General Motors could confront first strike in 12 year

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Contract dealings between the United Auto Workers and Detroit automakers commonly go last possible minute. In any case, this go-round, chances of a walkout at General Motors are seen as running about even.

“There is with little question a higher probability than in recent years of a strike, which is positively not saying there will be a strike,” Harley Shaiken, a work relations professor at the University of California at Berkeley, told CBS MoneyWatch.

GM and the UAW’s present four-year work agreement expires Saturday at midnight.

“At that time we will have a statement whether there is a proposed tentative agreement, an extension or a strike. But for now they are still negotiating,” a UAW representative told CBS MoneyWatch by email.

A GM representative said talks with the work group are “progressing.”

At the point when dealings between the UAW and GM began in July, the sides were far separated on issues including wages and job security, Shaiken said. “There’s an unusually restive membership, and UAW leaders now don’t just have to negotiate a contract, they have to get it ratified.”

The UAW said not long ago that over 96% of GM laborers had voted to approve a strike.

Stagnant wages

Normal time-based compensations in the U.S. auto industry crested in 2010 and have since fallen generally 2%, or 16% when balanced for inflation, as indicated by Kristin Dziczek, VP of the industry and work economics group at the Center for Automotive Research. Senior UAW laborers have gotten two 3% pay increments over that period.

Alongside a boost in pay, the UAW needs to confine the positions of temporary laborers GM can utilize, a number that this year arrived at the midpoint of about 7% of its U.S. workforce. Temp laborers are paid as meager as $15 60 hour. Senior representatives procured by GM before 2007 acquire between $30 to $33 60 minutes, while entry-level contracts got after 2007 begin at about $17 an hour, with an eight-year movement to turn into a senior laborer.

“You could be on the line earning $33 and the person next to you is making $15 an hour as a temp worker,” said Shaiken, taking note of that numerous pay levels and statuses can weaken union solidarity.

Preparing to strike

Sign that a strike is an unmistakable probability originated from both the union and GM, with the UAW setting up its members for a possible walkout and GM expanding its vehicle inventory in front of a potential production slowdown.

“Historically, when Detroit automakers have a strike, they don’t try to operate the plants as some other industries have sought to do,” Shaiken said. “One thing they can do is increase their inventory — the more cars on dealers’ lots, the longer they can go when a strike kicks in.”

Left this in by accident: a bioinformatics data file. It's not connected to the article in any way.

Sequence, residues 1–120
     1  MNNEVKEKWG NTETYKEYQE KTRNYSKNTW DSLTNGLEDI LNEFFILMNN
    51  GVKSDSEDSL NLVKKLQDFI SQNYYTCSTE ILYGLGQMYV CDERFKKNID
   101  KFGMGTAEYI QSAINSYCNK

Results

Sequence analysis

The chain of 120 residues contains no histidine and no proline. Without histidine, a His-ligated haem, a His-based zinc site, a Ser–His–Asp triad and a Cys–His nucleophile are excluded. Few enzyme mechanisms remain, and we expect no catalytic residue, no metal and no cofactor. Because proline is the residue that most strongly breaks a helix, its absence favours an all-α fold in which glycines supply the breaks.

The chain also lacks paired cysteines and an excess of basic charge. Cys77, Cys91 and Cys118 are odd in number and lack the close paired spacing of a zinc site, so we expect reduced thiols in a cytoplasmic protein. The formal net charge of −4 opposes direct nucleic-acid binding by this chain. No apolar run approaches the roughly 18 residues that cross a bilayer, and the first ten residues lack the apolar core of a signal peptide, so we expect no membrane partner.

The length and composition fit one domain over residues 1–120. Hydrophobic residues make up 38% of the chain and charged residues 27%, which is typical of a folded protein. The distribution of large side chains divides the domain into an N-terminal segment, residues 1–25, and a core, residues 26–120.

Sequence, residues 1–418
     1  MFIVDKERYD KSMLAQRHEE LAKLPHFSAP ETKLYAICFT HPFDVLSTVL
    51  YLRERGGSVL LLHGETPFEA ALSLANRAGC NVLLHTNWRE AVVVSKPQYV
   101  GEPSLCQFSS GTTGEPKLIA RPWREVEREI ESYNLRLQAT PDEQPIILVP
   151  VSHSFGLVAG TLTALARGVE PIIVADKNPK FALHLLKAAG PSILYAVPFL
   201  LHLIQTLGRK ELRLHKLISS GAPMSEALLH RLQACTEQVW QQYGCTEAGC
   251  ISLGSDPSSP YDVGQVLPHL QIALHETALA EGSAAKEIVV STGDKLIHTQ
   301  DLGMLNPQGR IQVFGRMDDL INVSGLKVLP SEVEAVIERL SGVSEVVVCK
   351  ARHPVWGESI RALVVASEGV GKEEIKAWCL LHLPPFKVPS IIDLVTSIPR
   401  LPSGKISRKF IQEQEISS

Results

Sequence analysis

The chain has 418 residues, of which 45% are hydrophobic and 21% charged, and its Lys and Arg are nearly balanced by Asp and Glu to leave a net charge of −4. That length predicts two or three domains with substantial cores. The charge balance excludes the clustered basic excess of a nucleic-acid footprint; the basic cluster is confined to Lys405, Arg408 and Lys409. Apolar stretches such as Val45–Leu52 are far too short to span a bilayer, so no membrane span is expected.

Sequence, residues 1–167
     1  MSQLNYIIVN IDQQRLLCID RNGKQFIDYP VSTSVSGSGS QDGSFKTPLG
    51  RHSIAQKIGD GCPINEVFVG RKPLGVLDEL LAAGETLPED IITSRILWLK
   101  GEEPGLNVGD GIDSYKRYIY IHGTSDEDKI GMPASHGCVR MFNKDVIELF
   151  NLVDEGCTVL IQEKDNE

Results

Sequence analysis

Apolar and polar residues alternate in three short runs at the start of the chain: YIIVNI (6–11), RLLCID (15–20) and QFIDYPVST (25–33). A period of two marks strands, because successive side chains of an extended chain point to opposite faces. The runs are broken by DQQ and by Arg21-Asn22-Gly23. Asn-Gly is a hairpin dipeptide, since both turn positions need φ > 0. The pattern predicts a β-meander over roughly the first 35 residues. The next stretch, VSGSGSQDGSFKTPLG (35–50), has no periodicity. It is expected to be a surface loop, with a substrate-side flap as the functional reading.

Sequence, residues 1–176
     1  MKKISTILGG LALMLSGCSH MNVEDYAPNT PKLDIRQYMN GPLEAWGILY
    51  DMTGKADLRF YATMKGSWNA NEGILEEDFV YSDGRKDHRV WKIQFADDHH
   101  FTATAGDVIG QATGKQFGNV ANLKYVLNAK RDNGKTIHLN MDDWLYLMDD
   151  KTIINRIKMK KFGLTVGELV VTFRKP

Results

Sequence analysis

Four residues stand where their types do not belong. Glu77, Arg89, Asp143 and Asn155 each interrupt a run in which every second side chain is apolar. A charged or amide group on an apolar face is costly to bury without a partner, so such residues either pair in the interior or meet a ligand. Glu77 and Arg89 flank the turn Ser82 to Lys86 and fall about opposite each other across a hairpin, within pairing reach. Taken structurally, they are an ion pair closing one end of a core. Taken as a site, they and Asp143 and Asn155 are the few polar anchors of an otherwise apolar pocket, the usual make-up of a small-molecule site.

Automakers strive to have at least a 60-day supply of vehicles, and GM as of now has a 77-day supply, Shaiken noted.

The last strike against GM came in 2007 and finished following two days. From that point forward, American motorists have purchased a record number of new vehicles and GM has racked in record benefits, repurchasing $10 billion of its stock since coming out of bankruptcy in 2009.

The UAW is searching for a more noteworthy bit of that pie and to battle the closures of four U.S. plants. GM, in any case, is preparing for an economic slowdown in coming years and is opposing UAW efforts that would build its long haul costs.

GM has said the a lion’s share of its investments are made in the U.S., where it has 33 plants working contrasted and four facilities in Mexico.

A federal corruption test into the union includes another purpose of strain. FBI attacks a month ago on the homes of Gary Jones, the present president of the United Auto Workers, and his predecessor, signaled a dramatic escalation of a four-year test into illegal installments. The corruption investigation has so far prompted the feelings of eight people. On Thursday, a regional chief of the UAW was charged of stealing union assets as a major aspect of the extending government investigation.

“While these allegations are very concerning, we strongly believe that the government has misconstrued any number of facts and emphasize that these are merely allegations, not proof of wrongdoing,” the UAW said in an announcement Thursday. “We will not let this distract us from the critical negotiations underway with GM to gain better wages and benefits for the more the 400,000 members of our union.”

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